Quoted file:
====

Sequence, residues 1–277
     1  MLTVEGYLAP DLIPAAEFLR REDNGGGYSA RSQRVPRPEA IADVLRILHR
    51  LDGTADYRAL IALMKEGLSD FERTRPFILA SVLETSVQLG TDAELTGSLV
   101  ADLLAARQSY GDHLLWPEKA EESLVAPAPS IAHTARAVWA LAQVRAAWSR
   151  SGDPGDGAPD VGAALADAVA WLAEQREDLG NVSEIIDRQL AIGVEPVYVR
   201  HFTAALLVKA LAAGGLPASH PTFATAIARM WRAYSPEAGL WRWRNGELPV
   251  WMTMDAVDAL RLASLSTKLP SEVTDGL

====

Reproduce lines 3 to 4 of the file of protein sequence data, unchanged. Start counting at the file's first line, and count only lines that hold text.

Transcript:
    51  LDGTADYRAL IALMKEGLSD FERTRPFILA SVLETSVQLG TDAELTGSLV
   101  ADLLAARQSY GDHLLWPEKA EESLVAPAPS IAHTARAVWA LAQVRAAWSR